The Court of Appeal surveyed the relevant decisions governing arbitration agreements and class actions and attempted to harmonize, to the extent possible, California Supreme Court precedent with the United States Supreme Court decisions in Concepcion and Stolt-Neilsen that unquestionably altered the legal landscape in this area.
Unlike the Iskanian decision from earlier this year which simply rejected the validity of Brown v. Ralphs (which had deemed Gentry alive and well), the Court appeared to take pains to give full effect to the obvious holding of Concepcion while preserving what it could of Gentry until the California Supreme Court itself finally rules whether Gentry is dead.
A nuance in Brown and similar cases is that, while they have refused to deem Gentry defunct, they have enforced arbitration agreements that are either silent on the availability of class actions or that have expressly barred class arbitration on the ground that the Plaintiff did not make a showing on the four Gentry Factors. Interestingly, before Brown, Gentry had usually been interpreted in the same manner as Discover Bank-- i.e., it announced what appeared on its face to be a limited set of circumstances where class action waivers were permissible, but no case ever seemed to pass the test to allow a class action waiver. Both cases effectively set up a rule in California that class action waivers ere impermissible.
In earlier published cases, the plaintiffs had failed to make any showing on the Gentry Factors (which is why the agreements were enforced notwithstanding Gentry), but this time Plaintiff's counsel made a showing that the trial court, in its discretion, deemed adequate. The Court of Appeal reversed the trial court and did so on the ground that the trial court had used too lenient of a standard on the Gentry Factors-- effectively ruling that the Factors had to be given some bite if Gentry were to survive Concepcion.
"Assuming the Gentry standard survives the United States Supreme Court holdings, the factual analysis as to whether the Gentry factors apply in any particular case must be specific, individualized, and precise."
Put another way, it is difficult to avoid that Concepcion announced a rule that states cannot, as a matter of state public policy, deem certain claims to be non-arbitrable. Furthermore, it ruled that mandating class arbitrations was contrary to the FAA because class arbitration eliminates the streamlined nature of arbitration. If Gentry were interpreted as allowing any plaintiff to force class arbitration where it had not been agreed simply by noting as a general matter that class actions are more effective at vindicating employee rights than individual arbitrations, Gentry would effectively set forth a rule 180 degrees the opposite of Concepcion-- something that federal preemption precludes.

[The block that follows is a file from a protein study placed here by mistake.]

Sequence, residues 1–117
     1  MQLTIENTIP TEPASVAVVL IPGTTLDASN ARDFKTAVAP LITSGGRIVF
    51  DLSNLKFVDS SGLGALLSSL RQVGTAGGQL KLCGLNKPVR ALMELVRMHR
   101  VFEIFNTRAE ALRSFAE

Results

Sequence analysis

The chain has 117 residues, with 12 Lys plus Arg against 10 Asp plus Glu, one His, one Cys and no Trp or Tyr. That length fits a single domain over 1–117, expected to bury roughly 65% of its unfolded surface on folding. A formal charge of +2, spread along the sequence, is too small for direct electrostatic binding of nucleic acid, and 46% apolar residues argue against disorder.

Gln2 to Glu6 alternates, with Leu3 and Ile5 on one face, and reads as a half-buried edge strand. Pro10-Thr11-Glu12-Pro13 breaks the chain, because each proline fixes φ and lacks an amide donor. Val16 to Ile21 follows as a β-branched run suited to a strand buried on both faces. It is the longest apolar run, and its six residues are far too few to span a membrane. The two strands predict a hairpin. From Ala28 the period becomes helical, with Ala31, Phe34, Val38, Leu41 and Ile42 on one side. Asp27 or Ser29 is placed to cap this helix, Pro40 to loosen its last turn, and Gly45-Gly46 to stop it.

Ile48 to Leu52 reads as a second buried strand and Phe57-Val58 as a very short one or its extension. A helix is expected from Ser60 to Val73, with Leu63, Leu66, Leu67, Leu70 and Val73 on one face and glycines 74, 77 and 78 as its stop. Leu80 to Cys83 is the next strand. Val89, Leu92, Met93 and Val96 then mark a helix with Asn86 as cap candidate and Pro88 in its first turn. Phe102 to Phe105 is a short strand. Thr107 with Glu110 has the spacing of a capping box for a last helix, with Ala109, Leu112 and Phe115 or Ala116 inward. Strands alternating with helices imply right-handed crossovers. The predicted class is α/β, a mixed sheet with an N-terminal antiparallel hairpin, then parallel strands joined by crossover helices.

If, however, the Gentry Factors required a specific individualized showing to avoid individual arbitration that, given the facts of the case, the employees' rights would not be vindicated without the availability of a class action, that arguably set up a rule that was not fully addressed by Concepcion. In effect, the Court reinterpreted Gentry in order to save it.
Why This Case Is Important
The beauty of the Court's approach in Truly Nolen is that it does not contradict any other decision (making review less likely), but it creates a rule that will probably lead to the enforcement of arbitration agreements in most wage/hour class actions. In most of those cases, individual plaintiffs have the potential to recover substantially when one factors in all the possible penalties and their right to attorney's fees if they prevail. Moreover, given the limited time for discovery before the defendant moves to compel arbitration, plaintiffs will have a hard time building a sufficient record to meet the bolstered Gentry test. The effect should be to give employers greater confidence that their arbitration agreements that are either silent on the availability of class arbitration or expressly preclude it will nonetheless be enforced.